Kindle deals for Christian readers
This is the last week to save on a few of these deals from Crossway:
- A Meal with Jesus by Tim Chester—99¢
- John Newton by Jonathan Aitken—99¢
- Joy by Lydia Brownback—99¢
- How to Argue Like Jesus by Joe Carter—99¢
- Holy Subversion by Trevin Wax—99¢
- The Immigration Crisis by James Hoffmeier—99¢
- Finding Faithful Elders and Deacons by Thabiti Anyabwile—99¢
- Church History by Christopher Catherwood—99¢
- Learning Evangelism from Jesus by Jerram Barrs—99¢
- Game Day for the Glory of God by Stephen Altrogge—99¢
- Liberating Black Theology by Anthony Bradley—99¢
- The Leadership Dynamic by Harry Reeder—99¢
- The Case for Classical Christian Education by Douglas Wilson—99¢
The most epic safety video ever made
This is pretty cool:
Imagine you are assigned the role of Lady Macbeth or Darth Vader or Judas. Someone has to play the villain. And no director would allow you to massage Shakespeare’s script; “Out, out darn spot” doesn’t quite have the same ring to it. And, except for the role Jim Caviezel snagged in The Passion, even good guys sin—The Good the Bad and the Ugly demonstrates this as adequately as the Die Hard franchise.
Here are two very basic guidelines my actor friends employ when selecting scripts.
Twenty-first century sensibilities dismiss the idea of an overruling God in preference to self-direction. Healthy, wealthy, intelligent, capable humans take responsibility and control of their own future through education, insurance, prudent financial investment, savvy work choices and the occasional international holiday. Christianity seems to have outgrown providence.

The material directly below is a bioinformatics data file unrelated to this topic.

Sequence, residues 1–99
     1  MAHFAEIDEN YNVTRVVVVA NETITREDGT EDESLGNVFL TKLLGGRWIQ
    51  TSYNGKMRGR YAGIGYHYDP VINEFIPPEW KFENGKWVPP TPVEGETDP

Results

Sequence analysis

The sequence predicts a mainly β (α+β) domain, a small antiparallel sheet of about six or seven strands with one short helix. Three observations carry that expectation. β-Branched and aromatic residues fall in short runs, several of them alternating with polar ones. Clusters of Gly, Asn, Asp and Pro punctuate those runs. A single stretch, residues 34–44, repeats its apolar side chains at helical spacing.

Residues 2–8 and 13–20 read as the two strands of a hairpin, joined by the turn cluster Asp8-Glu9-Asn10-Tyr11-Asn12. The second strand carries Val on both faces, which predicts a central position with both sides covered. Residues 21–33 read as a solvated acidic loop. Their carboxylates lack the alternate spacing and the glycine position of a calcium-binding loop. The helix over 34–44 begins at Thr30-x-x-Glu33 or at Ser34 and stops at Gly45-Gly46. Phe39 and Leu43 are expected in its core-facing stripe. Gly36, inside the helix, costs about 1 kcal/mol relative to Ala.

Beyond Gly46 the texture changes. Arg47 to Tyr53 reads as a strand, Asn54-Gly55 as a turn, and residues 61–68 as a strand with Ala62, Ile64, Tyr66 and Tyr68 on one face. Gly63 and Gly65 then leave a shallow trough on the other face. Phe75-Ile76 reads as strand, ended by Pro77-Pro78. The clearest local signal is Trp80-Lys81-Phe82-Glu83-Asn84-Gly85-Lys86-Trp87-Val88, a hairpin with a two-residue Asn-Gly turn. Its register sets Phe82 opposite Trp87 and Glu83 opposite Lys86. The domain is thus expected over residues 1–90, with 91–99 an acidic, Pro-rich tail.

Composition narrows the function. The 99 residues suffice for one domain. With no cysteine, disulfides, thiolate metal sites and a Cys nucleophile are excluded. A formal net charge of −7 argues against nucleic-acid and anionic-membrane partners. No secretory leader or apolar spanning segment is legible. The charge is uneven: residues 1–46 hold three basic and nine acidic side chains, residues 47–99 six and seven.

But life isn’t always quite so neat, is it? Our self-built image of control is all-too-easily shattered by chronic or mental illness, sudden tragic death, redundancy, relationship breakdown, and injustice. Very occasionally we realize what a tiny fragment of the vast order of the universe we actually occupy or understand.
Committing yourself and your family to a local church is one of the most important decisions you will ever make this side of eternity; and yet, for all the weightiness of it, it is a decision to which the larger part of church attenders have given little to no thought. Over the past three decades, I have witnessed multitudes of individuals and families choose to join churches for the wrong reason(s). While there is a plethora of helpful resources out there to help people understand the right reasons to join a church, the right reasons to leave a church and the right way to leave a church, there is very little that speaks directly to wrong reasons to join a church. While more could be added to them, here are 7 common wrong reasons for which people join churches.
The evangelical community of the biblical interpreters has its faults, some of them quite embarrassing, as does any community subjected to the finitude and fallenness of the human race, but scholarly communities that reject the inerrancy of Scripture have a slew of new problems with which they must deal, problems which by no means leave their scholarship on more certain grounds. What is so often presented as the settled consensus of the scholarly community when attacking an evangelical interpretation becomes, at best, a hypothetical guess when discussed within an unguarded scholarly community. When the goal is not the belittling of a fundamentalist interpretation, one discovers welcome intellectual humility.